Filmed December 15 to 31, 1924. Retakes shot January 2 to 10, 1925. However, it's likely that shooting for
"Ask Grandma" (no. 38) was included within these dates. See the 'miscellaneous' section below
Copyrighted April 2, 1925, by Pathé Exchange, Inc. Registration no. LU21305. Since the copyright was not renewed,
this film is now in the public domain.
Released April 5, 1925. It was the 37th film in the series to be released.
Probable opening title: '"Our Gang" Comedies - Hal Roach presents His Rascals in "The Love
Released into TV syndication as Mischief Makers episode no. 1044, "The Beauty Parlor," copyrighted
Sep. 1, 1960, with registration number LP17349.
- Produced by Hal Roach
- Probably credited in the film as a presenter.
- Directed by Robert F. McGowan
- This credit probably appears in the film, but without his middle initial.
- Assistant Director: Lloyd French
- This credit derives from French's payroll status as the Our Gang assistant director during this
- Photographed by Art Lloyd
- This credit derives from Lloyd's payroll status as the Our Gang cameraman during this
- Titles by H. M. Walker
- This credit probably appears in the film.
- Props by Charles Oelze and G. D. Abbott
- This credit derives from their payroll status as Our Gang prop men during this period.
- Story by Hal E. Roach
- This credit probably doesn't appear in the film. Edward Flannigan was listed in the studio
payroll summaries as an Our Gang gag man until the week ending Dec. 6th, so he may have contributed gags to this
- Teacher: Fern Carter
- Released by Pathé Exchange, Inc.
- Passed by the National Board of Review
- Probably indicated in the film.
- studio personnel
- general manager - Warren Doane
- assistant general manager - L. A. French
- secretary-treasurer - C. H. Roach
- construction supervisor - C. E. Christensen
- laboratory superintendent - Charles Levin
- publicity director - Garrett Graham
- purchasing agent - Clyde Hopkins
- still photographer - Bud "Stax" Graves
- transportation director - Bob Davis
- possible uncredited involvement
- supervision - F. Richard Jones became director-general of the studio after this film was shot, but
before it was released.
- editing - Credits were in a transition between Thomas J.
Crizer and Richard Currier during this period.
- writing - Robert F. McGowan,
Thomas J. Crizer, Frank Terry and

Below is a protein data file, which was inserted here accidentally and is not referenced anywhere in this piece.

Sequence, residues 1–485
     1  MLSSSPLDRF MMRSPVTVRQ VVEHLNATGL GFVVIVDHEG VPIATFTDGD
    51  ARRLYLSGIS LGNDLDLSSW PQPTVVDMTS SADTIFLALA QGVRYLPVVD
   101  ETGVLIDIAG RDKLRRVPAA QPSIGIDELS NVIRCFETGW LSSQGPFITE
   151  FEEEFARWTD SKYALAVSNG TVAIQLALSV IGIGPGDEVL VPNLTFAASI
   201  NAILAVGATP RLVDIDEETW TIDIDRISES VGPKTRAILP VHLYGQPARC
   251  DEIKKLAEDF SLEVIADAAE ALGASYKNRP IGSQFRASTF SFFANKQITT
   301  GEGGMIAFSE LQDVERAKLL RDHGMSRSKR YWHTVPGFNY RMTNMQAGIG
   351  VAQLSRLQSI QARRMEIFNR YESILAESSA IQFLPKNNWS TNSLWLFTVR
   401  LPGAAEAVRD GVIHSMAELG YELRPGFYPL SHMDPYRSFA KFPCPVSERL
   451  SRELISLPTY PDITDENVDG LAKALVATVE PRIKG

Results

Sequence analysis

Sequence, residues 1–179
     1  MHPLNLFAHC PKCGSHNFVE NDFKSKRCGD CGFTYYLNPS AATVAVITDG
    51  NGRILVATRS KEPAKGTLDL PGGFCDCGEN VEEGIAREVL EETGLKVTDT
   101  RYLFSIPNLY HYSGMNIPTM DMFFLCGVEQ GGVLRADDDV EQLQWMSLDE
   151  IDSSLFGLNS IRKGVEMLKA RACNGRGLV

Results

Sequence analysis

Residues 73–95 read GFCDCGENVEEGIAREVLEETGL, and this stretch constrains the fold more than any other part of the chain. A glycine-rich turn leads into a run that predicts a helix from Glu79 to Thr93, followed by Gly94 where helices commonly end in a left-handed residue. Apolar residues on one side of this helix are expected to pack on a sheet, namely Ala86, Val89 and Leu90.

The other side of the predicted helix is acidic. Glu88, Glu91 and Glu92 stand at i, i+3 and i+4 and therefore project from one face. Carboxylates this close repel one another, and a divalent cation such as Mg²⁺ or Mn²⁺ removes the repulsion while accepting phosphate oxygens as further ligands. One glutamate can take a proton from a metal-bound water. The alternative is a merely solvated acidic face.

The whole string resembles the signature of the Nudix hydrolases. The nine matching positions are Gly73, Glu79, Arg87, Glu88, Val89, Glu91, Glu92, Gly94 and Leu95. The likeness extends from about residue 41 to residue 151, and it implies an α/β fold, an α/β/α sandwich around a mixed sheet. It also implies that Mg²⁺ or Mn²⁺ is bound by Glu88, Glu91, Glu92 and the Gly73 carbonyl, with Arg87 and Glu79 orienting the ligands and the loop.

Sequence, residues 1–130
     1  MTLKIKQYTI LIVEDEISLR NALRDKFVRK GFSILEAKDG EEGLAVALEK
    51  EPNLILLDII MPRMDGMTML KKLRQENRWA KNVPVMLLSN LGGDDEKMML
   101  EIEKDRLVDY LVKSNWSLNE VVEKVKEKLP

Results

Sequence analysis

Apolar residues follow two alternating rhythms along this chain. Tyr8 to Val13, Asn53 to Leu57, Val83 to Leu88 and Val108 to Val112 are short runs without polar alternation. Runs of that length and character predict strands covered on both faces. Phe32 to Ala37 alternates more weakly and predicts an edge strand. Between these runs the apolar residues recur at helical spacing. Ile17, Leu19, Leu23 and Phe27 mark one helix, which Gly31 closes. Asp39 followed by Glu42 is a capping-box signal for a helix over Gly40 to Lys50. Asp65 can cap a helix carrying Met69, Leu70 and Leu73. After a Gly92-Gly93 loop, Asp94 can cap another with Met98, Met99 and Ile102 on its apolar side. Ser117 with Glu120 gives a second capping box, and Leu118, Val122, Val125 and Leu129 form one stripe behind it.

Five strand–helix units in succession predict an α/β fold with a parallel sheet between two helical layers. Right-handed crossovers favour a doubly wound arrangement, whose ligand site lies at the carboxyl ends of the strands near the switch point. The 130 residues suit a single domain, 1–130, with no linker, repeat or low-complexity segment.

James Parrott may have contributed gags.
- animal training - Tony Campanaro may have been
among the animal trainers.
- Mickey Daniels as "Mickey" aka "Michael"
- Featured role. He's the new kid in town, and flirts with Mary, but a misunderstanding makes him want
to get rid of his freckles.
- Joe Cobb as "Joe"
- Featured role. He's in love with Peggy, but she thinks he's too fat, so he uses the
weight-reducing machine at the beauty parlor.
- Allen "Farina" Hoskins as "Farina"
- Featured role. One of the girls comments on his hair, so he gets it worked on at the beauty parlor. We
also see him in the opening scene with Dorothy.
- Eugene "Pineapple" Jackson
- Supporting role. The nickname doesn't appear in the film. He works at the beauty parlor and gets the gang in.
- Jackie Condon
- Supporting role. We first see him charming a lollypop from Grandma. At the beauty parlor, he's
responsible for most of the mayhem.
- Mary Kornman
- Supporting role. She falls for Mickey and his freckles, but doesn't like freckles on her grapefruit.
Mickey thinks she's talking about him.
- Peggy Ahern
- Supporting role. Listed as Peggy Ahearn by Maltin & Bann. She gets a lollypop from Joe by getting him
to close his eyes before letting her dog kiss him.
- George "Sonny Boy" Warde
- Supporting role. He's part of the group of boys at the beauty
parlor, and takes an interest in an air hose.
- Dorothy Hughes
- Small part. We first see her being picked on by Johnny, then hanging out with the other girls.
- Johnny Downs
- Small part. He's seen picking on Ivadell, then getting into a fight with Mickey.
- Dorothy Morrison